► PACAP is taken up by hippocampus and hypothalamus after intranasal administration. ► Cyclodextrins can be used to target intranasal PACAP to specific brain regions. ► Intranasal PACAP improves memory in a mouse model of Alzheimer's disease.Pituitary adenylate cyclase activating polypeptide (PACAP) is a potent neurotrophic and neuroprotectant that is transported across the blood–brain barrier in amounts sufficient to affect brain function. However, its short half-life in blood makes it difficult to administer peripherally. Here, we determined whether the radioactively labeled 38 amino acid form of PACAP can enter the brain after intranasal (i.n.) administration. Occipital cortex and striatum were the regions with the highest uptake, peaking at levels of about 2–4% of the injected dose per gram of brain region. Inclusion of unlabeled PACAP greatly increased retention of I-PACAP by brain probably because of inhibition of the brain-to-blood efflux transporter for PACAP located at the blood–brain barrier. Sufficient amounts of PACAP could be delivered to the brain to affect function as shown by improvement of memory in aged SAMP8 mice, a model of Alzheimer's disease. We found that each of three cyclodextrins when included in the i.n. injection produced a unique distribution pattern of I-PACAP among brain regions. As examples, β-cyclodextrin greatly increased uptake by the occipital cortex and hypothalamus, α-cyclodextrin increased uptake by the olfactory bulb and decreased uptake by the occipital cortex and striatum, and (2-hydropropyl)-β-cyclodextrin increased uptake by the thalamus and decreased uptake by the striatum. These results show that therapeutic amounts of PACAP can be delivered to the brain by intranasal administration and that cyclodextrins may be useful in the therapeutic targeting of peptides to specific brain regions.
Keywords: Intranasal; Alzheimer's disease; Pituitary adenylate cyclase activating polypeptide; Blood–brain barrier; Memory; Cyclodextrin;

► We cloned pig GnIH cDNA 442 bp and GPR147 cDNA 1003 bp. ► Tissue expression revealed that GnIH and GPR147 was mainly expressed in the brain. ► Fluctuations of GnIH and GPR147 expression were found during the pig estrous cycle. ► GnIH and GPR147 were mainly localized in the luteal cells, granulosa, and theca cells.Since its discovery, gonadotropin-inhibitory hormone (GnIH) has appeared to act as a key neuropeptide in the control of vertebrate reproduction. GnIH acts via the novel G protein-coupled receptor 147 (GPR147) to inhibit gonadotropin release and synthesis. To determine the physiological functions of GnIH in the pig, a study was conducted to clone and sequence the cDNA of the GnIH precursor and GPR147. Our results demonstrated that the cloned pig GnIH precursor cDNA encoded three LPXRF and that its receptor possessed typical transmembrane features. Subsequently, tissue expression studies revealed that GnIH was mainly expressed in the brain, corresponding largely with the tissue expression patterns of GPR147 in the pig. The expression patterns in the reproductive axis of the female pig across the estrous cycle were also systemically investigated. The hypothalamic levels of both GnIH and its receptor mRNA were lowest in estrus and peaked in the proestrus and diestrus phases. The highest pituitary GnIH mRNA level was detected in the metestrus, and its receptor displayed a somewhat similar pattern of expression to that of the ligand. However, the expression patterns of GnIH and GPR147 were negatively correlated in the ovary. Immunolocalization in the ovary during the estrous cycle revealed that the immunoreactivities of GnIH and GPR147 were mainly localized in the granulosa and theca cells of the antral follicles during proestrus and estrus and in the luteal cells during metestrus and diestrus. Taken together, this research provided molecular and morphological data for further study of GnIH in the pig.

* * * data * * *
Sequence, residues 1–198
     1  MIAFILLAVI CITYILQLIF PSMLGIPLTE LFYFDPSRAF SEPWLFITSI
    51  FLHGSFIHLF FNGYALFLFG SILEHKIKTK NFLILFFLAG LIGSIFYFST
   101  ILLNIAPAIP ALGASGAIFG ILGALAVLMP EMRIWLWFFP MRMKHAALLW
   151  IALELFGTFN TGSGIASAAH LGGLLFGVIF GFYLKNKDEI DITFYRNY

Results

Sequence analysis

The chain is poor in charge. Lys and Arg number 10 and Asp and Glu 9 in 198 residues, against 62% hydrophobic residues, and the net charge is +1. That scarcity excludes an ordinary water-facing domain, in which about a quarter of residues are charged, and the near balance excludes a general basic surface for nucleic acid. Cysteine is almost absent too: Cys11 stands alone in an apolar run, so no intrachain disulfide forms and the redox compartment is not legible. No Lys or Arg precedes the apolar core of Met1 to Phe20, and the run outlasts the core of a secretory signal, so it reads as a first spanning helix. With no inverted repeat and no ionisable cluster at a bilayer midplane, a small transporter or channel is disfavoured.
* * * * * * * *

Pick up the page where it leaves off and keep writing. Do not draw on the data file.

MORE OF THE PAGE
Keywords: Gonadotropin-inhibitory hormone (GnIH); G protein-coupled receptor 147 (GPR147); Estrous cycle; Hypothalamus–pituitary–ovary axis;